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Comment Interesting (Score 1) 1565

...this talk of Libertarianism as a simplified, ideologically based political position, being attractive to "nerds" who are logical, gravitate toward principals, and have less understanding of "how people actually work" reminded me of this pithy little ditty: According to the author of "Rich Dad, Poor Dad" ( he describes how the public schools (as has been said in other comments) is designed to train "good workers," but those who excel in business have a different kind of smarts that schools don't measure (an understanding of people and opportunity, perhaps?). So his prediction for where different grade-earners end up in the economy: "The A students end up working for the C students, and the B students end up working for the government." I see this applying in terms of the "logical, intelligent nerd who is good at systems" really excelling *as someone else's employee* (programmer, IT manager, etc.) but the boss is always that business person who isn't smart in the usual way, necessarily, yet has an understanding the nerds lack.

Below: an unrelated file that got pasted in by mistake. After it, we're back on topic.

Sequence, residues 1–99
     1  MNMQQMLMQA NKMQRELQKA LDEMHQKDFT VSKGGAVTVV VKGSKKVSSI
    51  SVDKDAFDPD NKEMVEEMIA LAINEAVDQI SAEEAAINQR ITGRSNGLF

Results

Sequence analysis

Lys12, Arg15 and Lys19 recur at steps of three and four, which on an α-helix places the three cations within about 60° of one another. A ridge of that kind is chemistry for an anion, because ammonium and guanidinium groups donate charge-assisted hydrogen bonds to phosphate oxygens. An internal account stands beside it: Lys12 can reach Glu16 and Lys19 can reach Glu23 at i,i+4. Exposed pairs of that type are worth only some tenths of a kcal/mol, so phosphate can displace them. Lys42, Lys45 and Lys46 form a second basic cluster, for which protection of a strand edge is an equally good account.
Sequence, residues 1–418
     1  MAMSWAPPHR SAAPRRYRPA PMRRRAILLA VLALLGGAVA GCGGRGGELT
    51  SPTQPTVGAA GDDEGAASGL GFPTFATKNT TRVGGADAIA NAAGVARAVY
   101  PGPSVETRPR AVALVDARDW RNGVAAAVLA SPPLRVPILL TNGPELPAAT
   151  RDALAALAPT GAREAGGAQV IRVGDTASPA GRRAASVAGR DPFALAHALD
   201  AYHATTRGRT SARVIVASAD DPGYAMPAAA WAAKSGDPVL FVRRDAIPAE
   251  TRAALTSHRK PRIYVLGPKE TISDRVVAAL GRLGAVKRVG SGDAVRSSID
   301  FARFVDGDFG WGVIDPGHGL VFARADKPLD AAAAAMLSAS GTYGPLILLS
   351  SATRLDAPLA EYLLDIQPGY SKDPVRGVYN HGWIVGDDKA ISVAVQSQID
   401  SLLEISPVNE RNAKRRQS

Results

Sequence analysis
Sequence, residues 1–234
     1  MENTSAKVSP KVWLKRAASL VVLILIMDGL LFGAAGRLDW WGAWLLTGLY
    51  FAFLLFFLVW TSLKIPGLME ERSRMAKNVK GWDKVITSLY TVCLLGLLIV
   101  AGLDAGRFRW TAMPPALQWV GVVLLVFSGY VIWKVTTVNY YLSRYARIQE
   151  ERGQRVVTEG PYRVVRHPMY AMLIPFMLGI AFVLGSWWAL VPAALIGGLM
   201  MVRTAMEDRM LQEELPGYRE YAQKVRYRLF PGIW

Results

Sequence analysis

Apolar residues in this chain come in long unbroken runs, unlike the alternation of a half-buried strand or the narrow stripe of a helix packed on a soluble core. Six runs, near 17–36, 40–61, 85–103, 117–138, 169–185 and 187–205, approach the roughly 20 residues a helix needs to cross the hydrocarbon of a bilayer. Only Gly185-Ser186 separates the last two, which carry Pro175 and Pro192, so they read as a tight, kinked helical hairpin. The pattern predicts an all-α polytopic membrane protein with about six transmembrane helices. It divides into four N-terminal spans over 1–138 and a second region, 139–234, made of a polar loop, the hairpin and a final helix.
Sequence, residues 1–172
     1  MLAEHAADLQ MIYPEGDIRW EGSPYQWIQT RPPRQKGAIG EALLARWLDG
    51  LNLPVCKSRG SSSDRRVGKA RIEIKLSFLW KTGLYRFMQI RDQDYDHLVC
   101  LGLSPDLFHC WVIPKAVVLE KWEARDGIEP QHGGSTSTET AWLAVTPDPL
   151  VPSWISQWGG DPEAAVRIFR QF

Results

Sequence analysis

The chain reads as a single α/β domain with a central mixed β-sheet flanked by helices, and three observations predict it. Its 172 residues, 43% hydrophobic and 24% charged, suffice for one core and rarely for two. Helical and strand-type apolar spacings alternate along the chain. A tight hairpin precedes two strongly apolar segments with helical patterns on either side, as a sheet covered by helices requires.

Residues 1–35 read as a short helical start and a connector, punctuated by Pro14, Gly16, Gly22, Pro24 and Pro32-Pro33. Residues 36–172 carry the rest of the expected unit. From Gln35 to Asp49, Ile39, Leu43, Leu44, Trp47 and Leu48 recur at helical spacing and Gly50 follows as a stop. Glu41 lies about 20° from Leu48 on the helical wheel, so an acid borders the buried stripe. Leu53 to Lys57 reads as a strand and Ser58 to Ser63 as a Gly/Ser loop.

"Today's robots are very primitive, capable of understanding only a few simple instructions such as 'go left', 'go right', and 'build car'." --John Sladek